Six tribal nations have called on Governor Kate Brown and other Oregon political leaders to launch a close review of Travis Boerma’s plan to open a gaming entertainment center in Grants Pass.
Their argument is that the Flying Lark that the founder of the Dutch brothers planned to completely change the game in Oregon with little formal scrutiny. Since the Flying Lark will be the first casino allowed to leave tribal lands, it will draw businesses away from tribal casinos and the Oregon State Lottery, and it could pave the way for more gambling venues. on other tracks in the state.
Boersma is expected to submit its request to state regulators to build the entertainment center adjacent to its Grants Pass Downs racetrack. The centerpiece of the building will be gaming terminals, similar to slot machines but which will instead allow players to bet on horse races.
Horse racing is a sport of little interest in Oregon; the state’s only commercial racetrack closed in 2019, and most of the country’s track operators have increased their runs with casino-style gaming venues adjacent to the tracks. However, Boersma argued that its operation would not work without the revenue from the Flying Lark and conducted a study which found that the two sites would generate more than $ 10.7 billion in expenses over 30 years of operation.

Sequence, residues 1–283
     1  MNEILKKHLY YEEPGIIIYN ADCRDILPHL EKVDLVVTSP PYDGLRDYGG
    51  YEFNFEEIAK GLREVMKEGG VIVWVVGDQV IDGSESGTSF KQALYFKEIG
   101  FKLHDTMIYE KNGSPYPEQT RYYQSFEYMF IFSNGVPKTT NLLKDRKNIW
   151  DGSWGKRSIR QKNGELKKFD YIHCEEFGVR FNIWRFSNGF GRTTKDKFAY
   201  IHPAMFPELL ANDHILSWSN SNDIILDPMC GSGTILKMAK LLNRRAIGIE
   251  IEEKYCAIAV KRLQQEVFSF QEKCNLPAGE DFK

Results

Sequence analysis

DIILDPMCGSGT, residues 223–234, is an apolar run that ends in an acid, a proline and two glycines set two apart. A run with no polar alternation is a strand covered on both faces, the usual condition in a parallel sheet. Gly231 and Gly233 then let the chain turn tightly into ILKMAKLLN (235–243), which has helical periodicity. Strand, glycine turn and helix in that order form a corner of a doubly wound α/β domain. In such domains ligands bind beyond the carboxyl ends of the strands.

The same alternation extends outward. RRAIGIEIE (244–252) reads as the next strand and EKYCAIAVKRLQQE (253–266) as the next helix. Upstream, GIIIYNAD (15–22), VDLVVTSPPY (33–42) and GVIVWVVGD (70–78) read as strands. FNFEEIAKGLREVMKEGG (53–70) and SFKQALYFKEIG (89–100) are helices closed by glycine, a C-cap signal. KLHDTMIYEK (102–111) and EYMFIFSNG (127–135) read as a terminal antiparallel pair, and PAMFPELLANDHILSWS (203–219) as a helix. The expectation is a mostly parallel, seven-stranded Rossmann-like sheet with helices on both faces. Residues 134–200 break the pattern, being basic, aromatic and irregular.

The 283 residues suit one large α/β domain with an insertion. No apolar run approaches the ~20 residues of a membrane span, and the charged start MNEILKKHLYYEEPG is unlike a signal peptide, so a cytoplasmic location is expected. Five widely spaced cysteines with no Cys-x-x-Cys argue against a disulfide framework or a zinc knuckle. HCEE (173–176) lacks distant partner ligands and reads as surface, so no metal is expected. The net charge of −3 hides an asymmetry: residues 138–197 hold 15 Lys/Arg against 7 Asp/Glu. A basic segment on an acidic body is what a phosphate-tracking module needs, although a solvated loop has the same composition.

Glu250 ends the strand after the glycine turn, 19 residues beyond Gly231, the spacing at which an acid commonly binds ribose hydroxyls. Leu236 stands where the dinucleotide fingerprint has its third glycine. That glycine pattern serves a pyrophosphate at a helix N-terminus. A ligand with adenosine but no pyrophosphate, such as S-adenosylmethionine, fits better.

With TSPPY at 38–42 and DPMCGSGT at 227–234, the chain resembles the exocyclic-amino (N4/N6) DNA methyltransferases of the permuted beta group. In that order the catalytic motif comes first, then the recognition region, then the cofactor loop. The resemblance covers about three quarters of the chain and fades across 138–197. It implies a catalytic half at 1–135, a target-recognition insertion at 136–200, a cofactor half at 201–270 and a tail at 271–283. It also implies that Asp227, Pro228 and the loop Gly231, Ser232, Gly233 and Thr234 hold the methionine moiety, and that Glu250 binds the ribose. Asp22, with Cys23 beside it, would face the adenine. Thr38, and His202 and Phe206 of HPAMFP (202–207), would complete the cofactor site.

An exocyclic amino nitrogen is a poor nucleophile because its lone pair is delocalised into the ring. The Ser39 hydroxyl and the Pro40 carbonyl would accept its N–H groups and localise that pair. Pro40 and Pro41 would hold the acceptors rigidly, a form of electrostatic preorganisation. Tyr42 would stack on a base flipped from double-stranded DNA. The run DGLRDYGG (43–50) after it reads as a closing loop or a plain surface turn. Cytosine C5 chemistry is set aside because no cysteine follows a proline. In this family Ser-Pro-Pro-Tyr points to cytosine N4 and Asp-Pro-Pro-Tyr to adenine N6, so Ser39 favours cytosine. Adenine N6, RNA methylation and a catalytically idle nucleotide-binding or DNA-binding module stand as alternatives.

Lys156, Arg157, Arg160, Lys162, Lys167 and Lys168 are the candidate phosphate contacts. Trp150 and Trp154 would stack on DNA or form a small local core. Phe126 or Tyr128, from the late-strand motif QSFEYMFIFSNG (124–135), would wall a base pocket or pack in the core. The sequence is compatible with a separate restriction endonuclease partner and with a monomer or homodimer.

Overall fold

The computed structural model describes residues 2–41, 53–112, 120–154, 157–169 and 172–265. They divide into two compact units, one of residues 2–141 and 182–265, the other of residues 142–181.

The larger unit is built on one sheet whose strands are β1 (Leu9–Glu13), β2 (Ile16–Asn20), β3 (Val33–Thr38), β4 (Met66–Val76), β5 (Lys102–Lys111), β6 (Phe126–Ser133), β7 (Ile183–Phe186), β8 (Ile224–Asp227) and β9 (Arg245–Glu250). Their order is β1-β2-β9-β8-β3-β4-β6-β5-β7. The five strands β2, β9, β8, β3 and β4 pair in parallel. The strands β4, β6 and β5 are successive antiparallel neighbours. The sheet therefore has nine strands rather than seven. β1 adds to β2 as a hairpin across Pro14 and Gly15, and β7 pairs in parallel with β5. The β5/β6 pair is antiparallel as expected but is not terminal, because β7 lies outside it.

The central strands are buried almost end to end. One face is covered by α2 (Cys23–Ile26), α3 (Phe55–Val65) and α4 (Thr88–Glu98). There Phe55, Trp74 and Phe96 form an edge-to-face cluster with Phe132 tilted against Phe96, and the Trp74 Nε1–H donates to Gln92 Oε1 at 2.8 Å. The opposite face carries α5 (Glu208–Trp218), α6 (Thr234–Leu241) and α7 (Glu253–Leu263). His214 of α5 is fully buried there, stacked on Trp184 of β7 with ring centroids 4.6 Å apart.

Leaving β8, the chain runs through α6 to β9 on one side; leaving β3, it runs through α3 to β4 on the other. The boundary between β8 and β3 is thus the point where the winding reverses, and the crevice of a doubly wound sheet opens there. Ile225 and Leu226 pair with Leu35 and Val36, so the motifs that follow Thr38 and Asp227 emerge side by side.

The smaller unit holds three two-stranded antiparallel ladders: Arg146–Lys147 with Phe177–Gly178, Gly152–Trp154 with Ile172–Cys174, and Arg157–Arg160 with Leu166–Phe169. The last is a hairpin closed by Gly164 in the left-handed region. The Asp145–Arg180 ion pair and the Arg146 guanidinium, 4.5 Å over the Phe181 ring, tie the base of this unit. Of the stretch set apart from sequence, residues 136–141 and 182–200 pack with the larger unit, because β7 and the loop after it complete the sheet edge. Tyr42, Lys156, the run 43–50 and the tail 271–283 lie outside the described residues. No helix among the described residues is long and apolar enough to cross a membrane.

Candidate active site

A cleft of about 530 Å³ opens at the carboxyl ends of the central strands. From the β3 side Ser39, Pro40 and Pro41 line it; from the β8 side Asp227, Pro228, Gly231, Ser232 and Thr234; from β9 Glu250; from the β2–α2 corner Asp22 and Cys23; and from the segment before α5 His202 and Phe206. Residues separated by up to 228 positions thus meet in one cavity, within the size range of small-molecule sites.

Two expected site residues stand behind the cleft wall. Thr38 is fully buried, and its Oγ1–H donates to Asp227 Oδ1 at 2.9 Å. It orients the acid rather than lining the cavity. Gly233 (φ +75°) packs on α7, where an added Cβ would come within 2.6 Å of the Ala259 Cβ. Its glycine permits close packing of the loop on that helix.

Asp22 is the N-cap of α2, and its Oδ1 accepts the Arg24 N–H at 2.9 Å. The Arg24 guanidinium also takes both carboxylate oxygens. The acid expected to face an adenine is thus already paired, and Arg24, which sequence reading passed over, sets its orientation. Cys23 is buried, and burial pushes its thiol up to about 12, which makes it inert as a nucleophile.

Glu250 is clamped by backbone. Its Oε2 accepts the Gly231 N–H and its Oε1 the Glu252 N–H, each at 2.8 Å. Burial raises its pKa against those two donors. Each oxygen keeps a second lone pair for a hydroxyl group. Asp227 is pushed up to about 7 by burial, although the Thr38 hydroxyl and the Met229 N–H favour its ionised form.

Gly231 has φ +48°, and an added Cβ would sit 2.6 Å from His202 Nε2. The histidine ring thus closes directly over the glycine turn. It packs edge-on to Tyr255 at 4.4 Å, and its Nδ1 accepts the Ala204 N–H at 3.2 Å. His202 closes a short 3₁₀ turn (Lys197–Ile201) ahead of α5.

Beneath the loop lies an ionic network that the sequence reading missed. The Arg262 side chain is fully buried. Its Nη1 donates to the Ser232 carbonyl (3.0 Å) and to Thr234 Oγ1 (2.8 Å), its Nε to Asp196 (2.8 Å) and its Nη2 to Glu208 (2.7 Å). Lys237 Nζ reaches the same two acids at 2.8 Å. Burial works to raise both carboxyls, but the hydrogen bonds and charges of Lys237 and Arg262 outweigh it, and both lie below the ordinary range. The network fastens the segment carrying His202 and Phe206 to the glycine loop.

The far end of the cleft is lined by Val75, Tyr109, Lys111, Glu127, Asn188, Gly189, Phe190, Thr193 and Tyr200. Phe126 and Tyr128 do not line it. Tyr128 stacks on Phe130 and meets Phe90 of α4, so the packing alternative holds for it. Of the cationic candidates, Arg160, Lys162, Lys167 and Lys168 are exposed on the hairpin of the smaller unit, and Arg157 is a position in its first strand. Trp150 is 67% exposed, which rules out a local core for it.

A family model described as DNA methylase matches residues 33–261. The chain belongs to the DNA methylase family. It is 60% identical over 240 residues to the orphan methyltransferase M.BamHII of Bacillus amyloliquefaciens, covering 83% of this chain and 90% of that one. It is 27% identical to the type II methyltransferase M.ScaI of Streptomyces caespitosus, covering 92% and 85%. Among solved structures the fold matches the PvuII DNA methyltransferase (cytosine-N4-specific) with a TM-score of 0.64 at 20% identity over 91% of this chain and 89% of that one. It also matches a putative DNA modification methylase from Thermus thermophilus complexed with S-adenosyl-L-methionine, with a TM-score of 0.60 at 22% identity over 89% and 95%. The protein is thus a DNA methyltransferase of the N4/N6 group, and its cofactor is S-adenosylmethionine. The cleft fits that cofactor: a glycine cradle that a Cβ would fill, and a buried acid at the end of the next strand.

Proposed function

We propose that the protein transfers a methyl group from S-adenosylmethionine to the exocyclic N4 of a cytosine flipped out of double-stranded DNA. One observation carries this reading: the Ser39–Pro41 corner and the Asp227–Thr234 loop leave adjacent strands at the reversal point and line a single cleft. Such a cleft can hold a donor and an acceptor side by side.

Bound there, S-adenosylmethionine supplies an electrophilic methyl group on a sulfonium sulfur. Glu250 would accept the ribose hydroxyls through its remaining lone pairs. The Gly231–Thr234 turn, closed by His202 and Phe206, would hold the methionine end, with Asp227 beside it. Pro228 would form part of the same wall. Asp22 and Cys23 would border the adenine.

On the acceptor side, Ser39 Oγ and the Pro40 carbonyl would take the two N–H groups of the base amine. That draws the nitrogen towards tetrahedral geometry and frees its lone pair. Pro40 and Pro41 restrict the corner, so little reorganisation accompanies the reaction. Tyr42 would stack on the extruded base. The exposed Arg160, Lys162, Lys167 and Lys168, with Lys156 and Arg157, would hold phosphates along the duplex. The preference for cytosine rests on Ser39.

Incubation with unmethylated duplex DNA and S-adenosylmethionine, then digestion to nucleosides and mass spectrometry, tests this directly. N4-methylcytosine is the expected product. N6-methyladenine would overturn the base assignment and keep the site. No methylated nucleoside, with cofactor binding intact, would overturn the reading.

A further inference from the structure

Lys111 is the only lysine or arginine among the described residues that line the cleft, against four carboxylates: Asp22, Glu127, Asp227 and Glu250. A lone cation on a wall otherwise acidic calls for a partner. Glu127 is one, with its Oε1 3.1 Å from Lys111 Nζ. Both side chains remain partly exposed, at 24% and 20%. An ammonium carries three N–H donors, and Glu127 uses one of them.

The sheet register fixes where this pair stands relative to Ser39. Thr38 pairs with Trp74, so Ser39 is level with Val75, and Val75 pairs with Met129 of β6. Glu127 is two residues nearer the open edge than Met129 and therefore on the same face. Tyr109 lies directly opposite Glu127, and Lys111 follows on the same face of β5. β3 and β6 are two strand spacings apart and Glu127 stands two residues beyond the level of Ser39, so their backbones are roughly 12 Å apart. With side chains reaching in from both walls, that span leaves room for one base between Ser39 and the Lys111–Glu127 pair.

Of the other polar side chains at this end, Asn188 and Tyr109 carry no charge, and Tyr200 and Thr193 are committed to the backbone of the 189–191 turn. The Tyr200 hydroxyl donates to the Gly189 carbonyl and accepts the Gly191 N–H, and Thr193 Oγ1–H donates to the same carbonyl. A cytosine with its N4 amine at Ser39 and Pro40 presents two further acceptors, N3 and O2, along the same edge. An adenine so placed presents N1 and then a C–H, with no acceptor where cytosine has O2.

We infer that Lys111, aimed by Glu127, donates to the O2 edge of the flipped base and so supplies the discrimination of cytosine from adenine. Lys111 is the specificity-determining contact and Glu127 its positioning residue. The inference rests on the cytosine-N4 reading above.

Casino-type gambling is normally only permitted on tribal lands, with racetracks being the only exception to this law.
Several track operators have been granted permission to build large casinos, and in states where casinos are restricted, the industry has developed certain “historic horse racing” machines that have helped locations qualify for the game. exception granted by track owners.
Nonetheless, critics argue that machines have evolved to the point that it is difficult to find a correlation with horse racing.